A 1031 exchange is a savvy real estate investor tax strategy that can help grow portfolios and increase net worth at faster, more efficient rates. But what is a 1031 exchange, and what are the rules to qualify? Here is a brief overview of how 1031 exchanges operate, the eligibility window, and the varying rules for attempting a 1031 exchange.
What Is a 1031 Exchange?
A 1031 exchange is swapping one real estate investment property for another, allowing deferment for capital gains taxes. Named from Section 1031 of the Internal Revenue Code (IRC), the 1031 exchange is mainly for real estate agents, title companies, and investors.
The IRC Section 1031 has multiple facets that real estate investors must understand before using it. For example, exchanges only occur with like-kind properties, and the IRC rules limit its uses to vacation properties. Furthermore, other tax implications and time frames can factor in.
Eligibility for a 1031 Exchange
A 1031 exchange is exclusively for property for productive use, including in trade, business, or investment. Furthermore, any property held for investment purposes qualifies for 1031 treatment, including commercial buildings, vacant lots, apartment buildings, and single-family homes.
Property primarily for personal use does not qualify for tax deferral under Section 1031; this includes primary residences and second homes. However, some personal properties have potential 1031 exchange qualifications. Part of what qualifies for a 1031 exchange includes the following:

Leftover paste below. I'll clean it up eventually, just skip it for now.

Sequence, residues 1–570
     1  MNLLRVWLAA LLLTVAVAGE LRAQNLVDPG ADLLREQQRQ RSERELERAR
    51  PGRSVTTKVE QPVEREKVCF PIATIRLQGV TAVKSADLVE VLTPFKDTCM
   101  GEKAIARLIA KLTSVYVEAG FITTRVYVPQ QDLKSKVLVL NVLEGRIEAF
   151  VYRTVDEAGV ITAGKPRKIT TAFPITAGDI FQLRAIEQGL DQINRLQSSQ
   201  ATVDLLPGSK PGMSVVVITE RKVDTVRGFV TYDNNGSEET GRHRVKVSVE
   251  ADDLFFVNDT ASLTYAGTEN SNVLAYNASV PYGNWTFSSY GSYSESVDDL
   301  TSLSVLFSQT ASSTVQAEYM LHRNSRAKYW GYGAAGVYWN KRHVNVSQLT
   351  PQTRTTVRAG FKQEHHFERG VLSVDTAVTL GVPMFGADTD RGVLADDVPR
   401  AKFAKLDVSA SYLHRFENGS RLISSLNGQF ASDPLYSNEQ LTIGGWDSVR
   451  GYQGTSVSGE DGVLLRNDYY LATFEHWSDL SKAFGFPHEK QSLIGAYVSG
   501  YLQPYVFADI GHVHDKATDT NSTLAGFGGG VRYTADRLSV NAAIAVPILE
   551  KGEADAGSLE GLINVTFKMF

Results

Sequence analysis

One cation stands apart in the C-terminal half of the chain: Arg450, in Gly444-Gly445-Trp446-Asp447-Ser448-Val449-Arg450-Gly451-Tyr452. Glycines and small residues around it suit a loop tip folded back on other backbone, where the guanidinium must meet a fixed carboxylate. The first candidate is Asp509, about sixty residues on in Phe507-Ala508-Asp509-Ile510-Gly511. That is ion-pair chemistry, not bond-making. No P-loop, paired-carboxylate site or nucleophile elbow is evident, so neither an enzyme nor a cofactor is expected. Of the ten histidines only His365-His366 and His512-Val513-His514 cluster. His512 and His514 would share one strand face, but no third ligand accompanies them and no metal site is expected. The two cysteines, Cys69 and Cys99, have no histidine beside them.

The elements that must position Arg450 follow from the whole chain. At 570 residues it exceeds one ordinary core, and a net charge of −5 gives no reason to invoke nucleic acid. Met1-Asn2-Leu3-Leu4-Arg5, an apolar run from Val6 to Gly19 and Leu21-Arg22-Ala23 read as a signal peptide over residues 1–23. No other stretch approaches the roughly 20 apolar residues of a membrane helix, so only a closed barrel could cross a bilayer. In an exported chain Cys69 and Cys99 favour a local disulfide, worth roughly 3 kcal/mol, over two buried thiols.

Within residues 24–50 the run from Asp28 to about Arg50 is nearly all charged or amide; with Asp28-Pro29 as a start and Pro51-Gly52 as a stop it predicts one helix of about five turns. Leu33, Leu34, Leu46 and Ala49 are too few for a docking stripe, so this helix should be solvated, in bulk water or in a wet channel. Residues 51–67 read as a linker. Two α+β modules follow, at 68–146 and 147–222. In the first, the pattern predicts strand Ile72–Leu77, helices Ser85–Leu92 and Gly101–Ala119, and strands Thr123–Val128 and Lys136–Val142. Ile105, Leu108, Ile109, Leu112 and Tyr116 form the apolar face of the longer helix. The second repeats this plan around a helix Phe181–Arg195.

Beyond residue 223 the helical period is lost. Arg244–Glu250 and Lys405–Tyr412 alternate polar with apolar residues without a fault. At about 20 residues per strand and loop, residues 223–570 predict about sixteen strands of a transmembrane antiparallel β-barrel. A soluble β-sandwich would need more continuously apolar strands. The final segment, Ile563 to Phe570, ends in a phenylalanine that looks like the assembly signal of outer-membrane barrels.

- Limited liability companies
- C and S corporations
- Other taxpaying entities
1031 Exchange Rules
When attempting a 1031 exchange, clients must understand the rules before making the swap. Firstly, clients should have familiarity with the IRS’s definition of a 1031 exchange, along with having eligible properties for a successful attempt. Furthermore, clients must familiarize themselves with non-qualified properties held primarily for sale, securities, or other evidence of indebtedness.
Another rule is to review the five common types of 1031 exchanges:
- Delayed exchange
- Delayed/simultaneous exchange
- Delayed build-to-suit exchange
- Delayed/simultaneous build-to-suit exchange
- Delayed reverse exchange.
Lastly, replacement properties must have equal or greater value than those sold, become identified within 45 days, and become purchased within 180 days.
1031 exchanges allow real estate investors to defer paying capital gains tax. This allows investors to use the proceeds to purchase replacement real estate, similar to having an interest-free loan from the IRS.